The following is an excerpt from the first chapter of Beauty for Truth’s Sake: On the Re-enchantment of Education by Stratford Caldecott.
Education is our path to true humanity and wisdom. By this I do not mean simply what goes on in school and university—which all too often turns out to be a path in another direction entirely away from both humanity and reason. I mean the broader process that engages us all through life. To be alive is to be a learner. Much of the learning we do takes place at home, in the family, or after we leave both home and college and begin the struggle to survive in the wider world. Increasingly, in a society shaped by technology that is continually changing, we need to learn a new skill: how to keep learning. We must be flexible and adaptable enough to survive in any circumstances. Even more important than flexibility is a virtuous character and set of guiding principles that will enable us to keep track of goodness amid the moral and social chaos that surrounds us.
I believe it is possible to remain an active learner throughout life, and yet to maintain a moral compass in good working order. But vital though they are, adaptability and ethics are not enough by themselves. There is a structural flaw in our education that we need to overcome. It is related to a profound malaise in our civilization, which by progressive stages has slipped into a way of thinking and living that is dualistic in character. The divisions between arts and sciences, between faith and reason, between nature and grace, have a common root. In particular, our struggle to reconcile religious faith with modern science is symptomatic of a failure to understand the full scope of human reason and its true grandeur.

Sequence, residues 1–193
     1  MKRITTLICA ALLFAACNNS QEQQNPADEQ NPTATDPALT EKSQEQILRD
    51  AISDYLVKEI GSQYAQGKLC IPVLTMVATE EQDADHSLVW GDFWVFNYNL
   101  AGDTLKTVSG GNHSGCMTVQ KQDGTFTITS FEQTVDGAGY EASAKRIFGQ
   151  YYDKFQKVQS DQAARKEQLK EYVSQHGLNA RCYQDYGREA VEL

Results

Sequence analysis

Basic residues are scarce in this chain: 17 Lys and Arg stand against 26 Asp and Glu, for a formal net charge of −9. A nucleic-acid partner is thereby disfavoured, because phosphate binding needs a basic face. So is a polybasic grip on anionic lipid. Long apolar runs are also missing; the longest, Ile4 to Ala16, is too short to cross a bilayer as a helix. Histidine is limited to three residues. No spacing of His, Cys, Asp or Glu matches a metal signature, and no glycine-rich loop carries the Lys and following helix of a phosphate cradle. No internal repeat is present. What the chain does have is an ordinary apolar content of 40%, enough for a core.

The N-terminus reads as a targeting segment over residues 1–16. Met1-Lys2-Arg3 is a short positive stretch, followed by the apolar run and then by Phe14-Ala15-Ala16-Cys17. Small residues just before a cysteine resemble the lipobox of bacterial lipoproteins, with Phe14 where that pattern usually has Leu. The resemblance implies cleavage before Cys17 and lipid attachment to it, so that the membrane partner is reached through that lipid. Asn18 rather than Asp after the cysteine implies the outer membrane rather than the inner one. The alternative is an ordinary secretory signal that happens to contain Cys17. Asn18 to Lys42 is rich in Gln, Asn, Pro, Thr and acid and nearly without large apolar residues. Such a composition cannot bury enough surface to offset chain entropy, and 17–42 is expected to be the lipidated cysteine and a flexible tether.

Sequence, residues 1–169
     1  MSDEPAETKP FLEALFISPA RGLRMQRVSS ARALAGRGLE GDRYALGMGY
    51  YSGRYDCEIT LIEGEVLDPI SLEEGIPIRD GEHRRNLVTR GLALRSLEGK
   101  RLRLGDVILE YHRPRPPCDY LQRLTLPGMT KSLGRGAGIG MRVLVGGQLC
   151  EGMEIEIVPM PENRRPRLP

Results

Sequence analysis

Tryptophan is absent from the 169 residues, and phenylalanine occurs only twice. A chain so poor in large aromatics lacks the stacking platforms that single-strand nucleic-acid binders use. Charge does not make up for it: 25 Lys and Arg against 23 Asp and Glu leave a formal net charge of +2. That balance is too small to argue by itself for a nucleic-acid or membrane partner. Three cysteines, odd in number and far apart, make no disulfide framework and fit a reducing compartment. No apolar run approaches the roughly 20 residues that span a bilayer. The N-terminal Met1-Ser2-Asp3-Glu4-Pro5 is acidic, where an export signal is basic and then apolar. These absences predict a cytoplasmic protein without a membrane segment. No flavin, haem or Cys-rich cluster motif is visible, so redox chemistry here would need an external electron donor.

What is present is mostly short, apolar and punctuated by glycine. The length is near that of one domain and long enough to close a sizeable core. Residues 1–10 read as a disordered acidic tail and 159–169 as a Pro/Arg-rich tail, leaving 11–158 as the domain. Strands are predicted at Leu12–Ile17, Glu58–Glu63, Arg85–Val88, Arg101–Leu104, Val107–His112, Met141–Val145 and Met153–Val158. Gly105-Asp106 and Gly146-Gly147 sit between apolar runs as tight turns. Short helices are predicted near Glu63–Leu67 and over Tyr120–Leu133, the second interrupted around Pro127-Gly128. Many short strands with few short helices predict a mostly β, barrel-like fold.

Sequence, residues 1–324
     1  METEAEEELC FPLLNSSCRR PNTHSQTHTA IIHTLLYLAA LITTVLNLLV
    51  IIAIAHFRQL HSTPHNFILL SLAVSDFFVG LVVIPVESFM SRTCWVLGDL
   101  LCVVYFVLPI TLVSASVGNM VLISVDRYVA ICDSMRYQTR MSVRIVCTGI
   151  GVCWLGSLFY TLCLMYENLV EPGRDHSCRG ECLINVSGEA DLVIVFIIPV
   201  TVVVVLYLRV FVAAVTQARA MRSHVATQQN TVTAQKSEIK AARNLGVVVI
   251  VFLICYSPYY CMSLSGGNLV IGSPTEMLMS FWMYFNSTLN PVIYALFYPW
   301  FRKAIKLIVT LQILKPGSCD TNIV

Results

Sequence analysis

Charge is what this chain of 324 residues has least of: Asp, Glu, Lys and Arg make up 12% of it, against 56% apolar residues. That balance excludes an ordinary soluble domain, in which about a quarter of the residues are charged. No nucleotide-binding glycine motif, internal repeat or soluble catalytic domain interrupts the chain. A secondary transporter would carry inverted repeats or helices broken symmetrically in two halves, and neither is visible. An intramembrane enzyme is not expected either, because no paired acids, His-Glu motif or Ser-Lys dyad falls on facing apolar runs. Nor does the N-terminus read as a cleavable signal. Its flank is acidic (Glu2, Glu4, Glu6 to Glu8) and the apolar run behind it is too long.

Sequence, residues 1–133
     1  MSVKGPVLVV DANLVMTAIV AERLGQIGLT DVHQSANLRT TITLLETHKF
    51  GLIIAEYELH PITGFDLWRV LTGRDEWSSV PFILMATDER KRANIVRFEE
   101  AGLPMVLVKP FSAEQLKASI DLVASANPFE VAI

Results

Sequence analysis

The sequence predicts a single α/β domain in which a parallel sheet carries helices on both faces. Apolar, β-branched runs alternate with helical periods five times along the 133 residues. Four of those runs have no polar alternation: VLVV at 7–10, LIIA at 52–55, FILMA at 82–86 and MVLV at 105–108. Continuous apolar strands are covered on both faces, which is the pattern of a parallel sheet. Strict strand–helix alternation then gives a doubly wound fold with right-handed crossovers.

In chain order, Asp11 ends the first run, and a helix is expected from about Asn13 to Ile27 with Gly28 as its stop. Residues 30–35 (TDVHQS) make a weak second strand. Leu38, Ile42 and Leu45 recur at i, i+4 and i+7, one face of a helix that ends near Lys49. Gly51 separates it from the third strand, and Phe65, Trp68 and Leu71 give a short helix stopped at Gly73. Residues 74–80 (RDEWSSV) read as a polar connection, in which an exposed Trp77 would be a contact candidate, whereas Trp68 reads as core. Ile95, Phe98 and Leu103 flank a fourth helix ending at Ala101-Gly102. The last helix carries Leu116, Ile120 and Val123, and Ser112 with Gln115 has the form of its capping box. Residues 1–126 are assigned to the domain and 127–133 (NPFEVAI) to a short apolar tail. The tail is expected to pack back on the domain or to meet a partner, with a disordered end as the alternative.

The classical “Liberal Arts” tradition of the West once offered a form of humane education that sought the integration of faith and reason, and that combined the arts and the sciences, before these things became separated, fragmented, and trivialized. We need to retrace our steps, to find the “wisdom we have lost in knowledge,” the “knowledge we have lost in information” (T. S. Eliot). The wisdom I am referring to can be traced back via Boethius and Augustine to Plato and Socrates; but before Socrates there was Pythagoras, and the Pythagorean contribution is just as important in helping us understand what was lost. This book is an attempt to discover and enter creatively into that Pythagorean spirit which lies at the root of Western civilization.
For every great change, every rebirth or renaissance in human culture, has been triggered by the retrieval of something valuable out of the past, making new, creative developments possible. The Italian Renaissance, for example, was triggered by the fifteenth-century re-discovery of the Classical Greek civilization. Similarly today, we may legitimately hope that ressourcement, a “return to sources,” and in particular to the pattern of humane learning as it was traditionally understood in the West, though expressed in new ways, will lead to a renaissance, the birth of a culture more appreciative of life and wisdom.